What is Sudden Stratospheric Warming?

The SSW event took place January 5 2021!

22 January 2021.


The sudden stratospheric warming (SSW) event took place January 5, 2021, according to weather forecasting models. This may have caused Southern Indiato face excessive heavy rainfall (ten times the normal) between January 1, 2021 and January 17, 2021.

Sudden Stratospheric Warming: 2021.

  • The stratosphere is the layer of the atmosphere from around 10-50 kilometres above the earth’s surface
  • The Sudden Stratospheric Warming is an event where the polar stratospheric temperature increases up to fifty degrees Celsius.
  • It is preceded by a situation where the polar jet stream of westerly winds in the northern hemisphere is disturbed by natural weather patterns.
  • This is usually addressed as polar vortex.
  • The polar vortex is a whirling cone of low pressure over the poles. The polar vortex is the strongest in winter. It spins in the stratosphere.
  • During winter, the polar vortex is the strongest due to the difference in temperature between polar and mid latitude regions.
  • When the polar vortex is the strongest, it forms a wall protecting the mid-latitudes from cold Arctic air. When Polar Vortex weakens, the stratosphere begins to warm and the event is called Sudden Stratospheric Warming.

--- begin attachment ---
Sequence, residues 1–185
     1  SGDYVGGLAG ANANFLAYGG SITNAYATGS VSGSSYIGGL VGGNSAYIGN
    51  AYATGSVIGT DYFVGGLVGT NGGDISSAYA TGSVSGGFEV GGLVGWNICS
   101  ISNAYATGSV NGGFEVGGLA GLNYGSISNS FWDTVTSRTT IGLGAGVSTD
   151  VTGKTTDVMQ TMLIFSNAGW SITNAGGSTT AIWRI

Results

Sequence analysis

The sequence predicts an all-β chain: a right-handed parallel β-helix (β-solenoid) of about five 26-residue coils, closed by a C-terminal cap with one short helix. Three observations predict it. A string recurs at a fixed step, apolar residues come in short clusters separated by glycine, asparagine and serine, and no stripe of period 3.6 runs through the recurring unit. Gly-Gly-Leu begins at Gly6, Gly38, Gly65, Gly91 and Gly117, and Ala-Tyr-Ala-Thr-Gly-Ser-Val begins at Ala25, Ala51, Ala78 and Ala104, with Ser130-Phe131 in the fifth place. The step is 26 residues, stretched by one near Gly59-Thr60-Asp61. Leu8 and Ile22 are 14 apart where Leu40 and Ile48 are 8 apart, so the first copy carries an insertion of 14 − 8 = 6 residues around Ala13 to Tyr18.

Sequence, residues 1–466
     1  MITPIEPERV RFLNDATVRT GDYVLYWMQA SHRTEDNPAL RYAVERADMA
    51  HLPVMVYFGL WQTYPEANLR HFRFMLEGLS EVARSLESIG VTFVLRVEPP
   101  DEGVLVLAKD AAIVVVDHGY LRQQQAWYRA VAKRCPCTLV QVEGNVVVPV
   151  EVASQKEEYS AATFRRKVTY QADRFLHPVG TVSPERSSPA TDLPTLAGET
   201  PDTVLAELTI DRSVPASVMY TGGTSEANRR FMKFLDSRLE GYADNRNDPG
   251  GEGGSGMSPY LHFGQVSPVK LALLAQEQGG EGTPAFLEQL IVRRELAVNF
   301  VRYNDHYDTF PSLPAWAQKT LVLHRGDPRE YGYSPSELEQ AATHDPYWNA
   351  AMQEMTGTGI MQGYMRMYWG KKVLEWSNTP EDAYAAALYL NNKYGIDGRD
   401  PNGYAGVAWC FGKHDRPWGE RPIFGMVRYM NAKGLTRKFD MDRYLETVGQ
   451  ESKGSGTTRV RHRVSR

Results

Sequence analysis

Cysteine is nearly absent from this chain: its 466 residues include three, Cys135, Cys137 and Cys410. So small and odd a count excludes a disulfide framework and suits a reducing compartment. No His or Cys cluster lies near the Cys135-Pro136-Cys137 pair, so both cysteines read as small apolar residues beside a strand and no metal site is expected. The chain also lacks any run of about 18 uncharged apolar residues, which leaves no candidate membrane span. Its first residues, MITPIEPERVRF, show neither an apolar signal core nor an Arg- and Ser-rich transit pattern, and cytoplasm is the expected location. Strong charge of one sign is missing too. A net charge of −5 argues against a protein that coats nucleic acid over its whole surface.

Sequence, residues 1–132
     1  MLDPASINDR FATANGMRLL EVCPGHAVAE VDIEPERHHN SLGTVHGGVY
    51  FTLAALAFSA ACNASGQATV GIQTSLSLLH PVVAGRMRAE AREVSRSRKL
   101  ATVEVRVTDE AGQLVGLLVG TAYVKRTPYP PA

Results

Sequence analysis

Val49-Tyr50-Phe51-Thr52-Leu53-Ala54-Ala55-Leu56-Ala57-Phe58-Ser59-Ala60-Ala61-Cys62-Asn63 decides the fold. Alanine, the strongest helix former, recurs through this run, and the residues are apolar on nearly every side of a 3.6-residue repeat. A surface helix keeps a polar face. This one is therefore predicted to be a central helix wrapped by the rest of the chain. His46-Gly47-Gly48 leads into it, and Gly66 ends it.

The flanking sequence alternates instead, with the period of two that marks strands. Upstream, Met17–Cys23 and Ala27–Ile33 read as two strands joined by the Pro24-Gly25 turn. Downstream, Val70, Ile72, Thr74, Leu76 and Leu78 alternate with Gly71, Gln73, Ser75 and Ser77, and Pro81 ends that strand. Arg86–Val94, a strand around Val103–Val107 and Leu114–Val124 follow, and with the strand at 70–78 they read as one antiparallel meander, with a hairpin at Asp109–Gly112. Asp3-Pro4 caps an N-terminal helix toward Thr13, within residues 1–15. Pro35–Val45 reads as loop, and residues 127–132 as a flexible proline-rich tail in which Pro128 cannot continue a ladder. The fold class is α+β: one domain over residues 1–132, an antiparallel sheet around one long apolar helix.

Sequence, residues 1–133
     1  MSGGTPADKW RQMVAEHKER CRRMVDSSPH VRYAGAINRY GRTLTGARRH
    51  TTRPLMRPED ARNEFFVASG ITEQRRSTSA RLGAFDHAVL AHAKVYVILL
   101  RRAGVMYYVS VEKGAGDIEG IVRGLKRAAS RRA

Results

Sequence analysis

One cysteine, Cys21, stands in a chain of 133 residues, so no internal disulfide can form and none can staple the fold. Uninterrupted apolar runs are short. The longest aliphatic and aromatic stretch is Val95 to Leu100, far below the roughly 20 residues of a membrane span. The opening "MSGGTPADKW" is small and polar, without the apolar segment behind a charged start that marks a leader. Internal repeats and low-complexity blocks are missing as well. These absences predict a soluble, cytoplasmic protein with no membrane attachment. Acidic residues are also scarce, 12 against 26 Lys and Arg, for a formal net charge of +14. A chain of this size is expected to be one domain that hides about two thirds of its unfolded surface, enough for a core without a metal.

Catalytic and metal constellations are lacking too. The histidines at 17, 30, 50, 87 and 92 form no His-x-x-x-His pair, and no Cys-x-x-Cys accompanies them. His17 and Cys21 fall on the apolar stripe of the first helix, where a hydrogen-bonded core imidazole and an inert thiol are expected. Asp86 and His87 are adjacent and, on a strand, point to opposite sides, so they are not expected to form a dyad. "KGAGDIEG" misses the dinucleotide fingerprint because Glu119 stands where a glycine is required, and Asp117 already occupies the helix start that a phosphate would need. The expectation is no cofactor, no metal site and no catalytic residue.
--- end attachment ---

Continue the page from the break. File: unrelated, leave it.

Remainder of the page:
2019 Sudden Stratospheric Warming:

  • Very rarely the SSW also occurs in South Pole.
  •  The last SSW in South Pole occurred in 2019.
  •  During the 2019 SSW, the North Pole vortex split into three smaller vortices.
  • This released cold winds into the southern regions below it.
  • Lake Michigan was frozen in Chicago due to this weather condition.

2018 Sudden Stratospheric Warming: Beast from the East:

  • The 2018 Sudden Stratospheric Warming was referred to “Beast from the East” as it brought in unusually cold weather conditions in UK and also in several other parts of the world.
  • Usually, the Beast from the East term is used to describe cold conditions in the UK. The condition occurs due to the Easterly winds that flow from Siberia towards the UK.

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